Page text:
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Pentecost 16, 2021 — 12 Sep 21

Pentecost 16, 2021

RCL Year B, Proper 19 (Alternate Readings)
Isaiah 50:4-9a, Psalm 116:1-8, James 3:1-12, Saint Mark 8:27-38

Up until the point of today’s Gospel in Saint Mark’s Gospel, the disciples have had it easy. They have followed Jesus around the countryside. They have had front row seats for his miracles. Peter walks on the water. They have been saved from shipwreck in a terrible storm. They have heard most everything that Jesus has had to say and to teach. They know him better than anyone else.

But with the event in today’s Gospel all that easiness changes. Following Jesus will no longer be easy. It will be hard. They will find that they do not know how to do what lies before them.

The event that changes everything for them is Peter’s Confession. You remember that Jesus asks them, first, who do people say he is, and then who do they say he is. Peter confesses, “You are the Messiah.”[1] At least one person gets it, and Jesus’ ministry alters forever. All that had come before this was to show them who he is. And Peter gets it. Jesus can move along to Part II, the really hard part. He predicts what will happen. He says the “Son of Man must undergo great suffering, and be rejected by the elders, the chief priests, and the scribes, and be killed, and after three days rise again.”[2] The hard part lies ahead.

The disciples’ lives will never be the same. The strange world of self-sacrifice has been opened to them, and they want to evade it. They want to go back to the old and easy days. Jesus will show them how to do what they must also do. After the resurrection, they will get it fully. Peter becomes a bold preacher. All of them die, and die willingly, for having witnessed what they are about to witness.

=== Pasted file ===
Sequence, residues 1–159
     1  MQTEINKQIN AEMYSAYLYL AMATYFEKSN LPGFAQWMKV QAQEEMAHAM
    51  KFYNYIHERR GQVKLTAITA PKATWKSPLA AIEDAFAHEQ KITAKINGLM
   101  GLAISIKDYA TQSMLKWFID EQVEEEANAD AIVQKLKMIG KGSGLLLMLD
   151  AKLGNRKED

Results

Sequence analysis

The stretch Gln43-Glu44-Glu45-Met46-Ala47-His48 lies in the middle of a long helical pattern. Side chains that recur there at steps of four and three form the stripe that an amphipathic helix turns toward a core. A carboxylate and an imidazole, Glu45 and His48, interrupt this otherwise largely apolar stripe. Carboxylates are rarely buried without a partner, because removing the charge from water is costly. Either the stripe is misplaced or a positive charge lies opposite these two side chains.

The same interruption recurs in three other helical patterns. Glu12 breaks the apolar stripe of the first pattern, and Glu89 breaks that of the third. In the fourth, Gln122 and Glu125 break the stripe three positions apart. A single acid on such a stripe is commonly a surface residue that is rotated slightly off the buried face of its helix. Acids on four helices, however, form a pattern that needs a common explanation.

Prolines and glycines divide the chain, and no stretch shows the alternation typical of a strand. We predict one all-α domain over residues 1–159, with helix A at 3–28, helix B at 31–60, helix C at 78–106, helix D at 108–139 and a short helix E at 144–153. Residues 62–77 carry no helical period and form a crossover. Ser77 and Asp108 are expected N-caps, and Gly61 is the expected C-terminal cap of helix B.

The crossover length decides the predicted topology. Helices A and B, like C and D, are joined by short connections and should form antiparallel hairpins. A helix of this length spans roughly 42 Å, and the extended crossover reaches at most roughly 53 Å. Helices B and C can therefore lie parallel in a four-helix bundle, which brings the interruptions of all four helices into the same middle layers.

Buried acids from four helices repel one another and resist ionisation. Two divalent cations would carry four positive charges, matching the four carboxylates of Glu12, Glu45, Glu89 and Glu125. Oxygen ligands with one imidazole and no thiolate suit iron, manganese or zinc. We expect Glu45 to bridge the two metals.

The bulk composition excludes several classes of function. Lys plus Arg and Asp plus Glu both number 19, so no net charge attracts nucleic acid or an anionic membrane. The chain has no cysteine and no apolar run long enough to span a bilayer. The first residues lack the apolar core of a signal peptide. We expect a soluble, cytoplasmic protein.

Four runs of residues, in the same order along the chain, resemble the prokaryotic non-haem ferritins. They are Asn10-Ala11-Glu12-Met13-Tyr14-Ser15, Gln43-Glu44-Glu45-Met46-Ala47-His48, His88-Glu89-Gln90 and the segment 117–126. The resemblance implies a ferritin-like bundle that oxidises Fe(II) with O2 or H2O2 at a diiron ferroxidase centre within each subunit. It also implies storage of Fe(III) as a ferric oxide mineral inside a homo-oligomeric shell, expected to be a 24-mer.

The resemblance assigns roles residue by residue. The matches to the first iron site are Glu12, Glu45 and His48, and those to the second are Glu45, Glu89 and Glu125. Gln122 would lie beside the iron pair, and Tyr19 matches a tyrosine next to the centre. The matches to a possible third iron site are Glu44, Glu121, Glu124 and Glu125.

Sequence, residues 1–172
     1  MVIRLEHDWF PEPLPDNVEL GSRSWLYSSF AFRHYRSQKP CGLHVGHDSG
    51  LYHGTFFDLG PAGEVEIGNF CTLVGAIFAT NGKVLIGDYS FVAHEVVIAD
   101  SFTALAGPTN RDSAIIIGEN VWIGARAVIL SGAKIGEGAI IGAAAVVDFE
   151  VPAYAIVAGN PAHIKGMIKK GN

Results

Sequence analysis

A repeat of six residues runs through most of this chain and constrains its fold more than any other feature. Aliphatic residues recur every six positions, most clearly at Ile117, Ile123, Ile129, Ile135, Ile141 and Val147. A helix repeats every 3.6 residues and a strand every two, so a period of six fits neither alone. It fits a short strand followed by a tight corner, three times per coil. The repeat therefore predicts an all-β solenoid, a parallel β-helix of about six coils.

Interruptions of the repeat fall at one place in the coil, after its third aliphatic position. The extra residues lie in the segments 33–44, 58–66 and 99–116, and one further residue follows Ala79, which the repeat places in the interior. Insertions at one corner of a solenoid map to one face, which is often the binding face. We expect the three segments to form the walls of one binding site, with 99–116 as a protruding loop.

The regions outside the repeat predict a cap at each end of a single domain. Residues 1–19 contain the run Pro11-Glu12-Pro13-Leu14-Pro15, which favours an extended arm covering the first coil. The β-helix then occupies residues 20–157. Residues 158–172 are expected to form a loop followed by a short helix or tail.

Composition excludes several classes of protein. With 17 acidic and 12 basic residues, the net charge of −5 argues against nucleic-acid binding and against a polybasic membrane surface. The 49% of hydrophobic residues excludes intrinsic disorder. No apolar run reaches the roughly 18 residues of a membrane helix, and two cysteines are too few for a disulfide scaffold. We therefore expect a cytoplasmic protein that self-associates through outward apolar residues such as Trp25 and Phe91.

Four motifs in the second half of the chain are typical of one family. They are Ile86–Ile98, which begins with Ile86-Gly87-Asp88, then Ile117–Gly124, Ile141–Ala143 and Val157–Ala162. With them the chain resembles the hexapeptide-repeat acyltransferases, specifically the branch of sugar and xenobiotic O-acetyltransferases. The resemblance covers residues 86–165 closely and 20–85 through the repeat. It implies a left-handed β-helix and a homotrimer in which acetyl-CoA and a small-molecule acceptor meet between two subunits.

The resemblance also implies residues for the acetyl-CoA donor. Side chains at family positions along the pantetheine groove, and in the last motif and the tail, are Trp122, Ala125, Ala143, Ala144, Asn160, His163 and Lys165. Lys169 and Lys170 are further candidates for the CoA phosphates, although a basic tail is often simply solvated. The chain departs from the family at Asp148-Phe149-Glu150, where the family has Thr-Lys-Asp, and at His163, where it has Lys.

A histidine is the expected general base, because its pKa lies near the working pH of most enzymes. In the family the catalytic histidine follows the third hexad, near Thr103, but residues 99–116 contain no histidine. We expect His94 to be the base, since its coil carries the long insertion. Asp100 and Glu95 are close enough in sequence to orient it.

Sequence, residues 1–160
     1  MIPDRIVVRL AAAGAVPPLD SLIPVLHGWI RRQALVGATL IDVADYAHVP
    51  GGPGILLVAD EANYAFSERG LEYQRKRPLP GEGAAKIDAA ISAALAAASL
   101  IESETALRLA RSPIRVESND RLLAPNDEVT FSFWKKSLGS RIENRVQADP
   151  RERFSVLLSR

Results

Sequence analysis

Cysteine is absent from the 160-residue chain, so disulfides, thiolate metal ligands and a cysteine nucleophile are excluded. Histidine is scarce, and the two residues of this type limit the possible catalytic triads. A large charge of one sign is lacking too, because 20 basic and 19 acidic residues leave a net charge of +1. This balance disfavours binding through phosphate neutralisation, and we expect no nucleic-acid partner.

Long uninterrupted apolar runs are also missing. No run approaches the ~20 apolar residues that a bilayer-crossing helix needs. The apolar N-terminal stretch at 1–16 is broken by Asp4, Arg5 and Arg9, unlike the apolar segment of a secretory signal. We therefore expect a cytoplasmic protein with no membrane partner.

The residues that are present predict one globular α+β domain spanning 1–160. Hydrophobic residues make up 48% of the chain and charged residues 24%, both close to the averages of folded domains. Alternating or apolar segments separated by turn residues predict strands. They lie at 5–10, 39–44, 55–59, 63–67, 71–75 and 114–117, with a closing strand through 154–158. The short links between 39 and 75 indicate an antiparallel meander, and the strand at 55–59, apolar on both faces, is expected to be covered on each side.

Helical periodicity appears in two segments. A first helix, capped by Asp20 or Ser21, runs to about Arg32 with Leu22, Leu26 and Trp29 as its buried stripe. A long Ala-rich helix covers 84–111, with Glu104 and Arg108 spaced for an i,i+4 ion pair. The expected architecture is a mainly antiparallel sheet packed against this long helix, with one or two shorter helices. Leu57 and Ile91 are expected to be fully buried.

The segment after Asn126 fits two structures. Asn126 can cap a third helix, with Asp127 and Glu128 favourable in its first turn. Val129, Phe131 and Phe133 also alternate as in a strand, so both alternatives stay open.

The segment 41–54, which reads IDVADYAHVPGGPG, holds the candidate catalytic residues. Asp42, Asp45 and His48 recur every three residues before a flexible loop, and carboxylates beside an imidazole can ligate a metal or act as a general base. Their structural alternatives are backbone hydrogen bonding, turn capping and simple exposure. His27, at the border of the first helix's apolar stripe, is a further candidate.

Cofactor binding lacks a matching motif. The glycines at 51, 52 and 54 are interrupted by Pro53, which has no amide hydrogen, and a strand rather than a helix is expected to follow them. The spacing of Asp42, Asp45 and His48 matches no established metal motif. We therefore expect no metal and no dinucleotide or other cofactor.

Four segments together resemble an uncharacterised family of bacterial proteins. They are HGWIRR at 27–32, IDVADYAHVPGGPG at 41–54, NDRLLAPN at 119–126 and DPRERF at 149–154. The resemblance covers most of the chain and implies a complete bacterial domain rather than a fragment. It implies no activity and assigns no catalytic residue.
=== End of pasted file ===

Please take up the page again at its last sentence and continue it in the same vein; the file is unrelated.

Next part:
It goes almost without saying, but still it has to be said, that our lives change, too, when we recognize him to be the Messiah. The easy days are over, and the hard things lie before us which, if we can manage it, we take on as best we can, as we are able.

The precise point I want to leave with you is that the cross is not a bad thing that just happens to choose the good-guy Jesus for its victim. Something like that could not be farther from the truth. The truth is that Jesus is a good guy who, because he is good, directs himself to the cross and grabs it in both hands to do some good for you and for me, to do something for us that we cannot do for ourselves. His example teaches that there are worse things than self-sacrifice. And heading the list is the refusal to offer ourselves in self-sacrifice.

How else can we possibly make sense of the central mystery of Jesus? How else can we understand that we lose our life when we try to save it? That we save our life by losing it.


[1] Saint Mark 8:29.

[2] Saint Mark 8:31.

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